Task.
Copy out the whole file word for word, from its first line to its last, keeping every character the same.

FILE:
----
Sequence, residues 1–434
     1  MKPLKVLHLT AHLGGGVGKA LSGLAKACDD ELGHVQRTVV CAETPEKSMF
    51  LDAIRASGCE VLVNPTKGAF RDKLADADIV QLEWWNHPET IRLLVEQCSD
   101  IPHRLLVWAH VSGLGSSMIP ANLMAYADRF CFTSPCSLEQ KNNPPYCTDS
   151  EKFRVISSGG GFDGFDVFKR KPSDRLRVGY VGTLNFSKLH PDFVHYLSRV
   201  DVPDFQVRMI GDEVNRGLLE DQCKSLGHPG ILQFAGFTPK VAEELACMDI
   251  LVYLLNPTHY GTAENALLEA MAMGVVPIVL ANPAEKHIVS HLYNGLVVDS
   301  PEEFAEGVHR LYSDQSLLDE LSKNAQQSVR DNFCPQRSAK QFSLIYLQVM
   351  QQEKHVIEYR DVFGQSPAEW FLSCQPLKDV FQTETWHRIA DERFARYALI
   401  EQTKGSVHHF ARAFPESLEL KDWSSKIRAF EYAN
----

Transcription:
Sequence, residues 1–434
     1  MKPLKVLHLT AHLGGGVGKA LSGLAKACDD ELGHVQRTVV CAETPEKSMF
    51  LDAIRASGCE VLVNPTKGAF RDKLADADIV QLEWWNHPET IRLLVEQCSD
   101  IPHRLLVWAH VSGLGSSMIP ANLMAYADRF CFTSPCSLEQ KNNPPYCTDS
   151  EKFRVISSGG GFDGFDVFKR KPSDRLRVGY VGTLNFSKLH PDFVHYLSRV
   201  DVPDFQVRMI GDEVNRGLLE DQCKSLGHPG ILQFAGFTPK VAEELACMDI
   251  LVYLLNPTHY GTAENALLEA MAMGVVPIVL ANPAEKHIVS HLYNGLVVDS
   301  PEEFAEGVHR LYSDQSLLDE LSKNAQQSVR DNFCPQRSAK QFSLIYLQVM
   351  QQEKHVIEYR DVFGQSPAEW FLSCQPLKDV FQTETWHRIA DERFARYALI
   401  EQTKGSVHHF ARAFPESLEL KDWSSKIRAF EYAN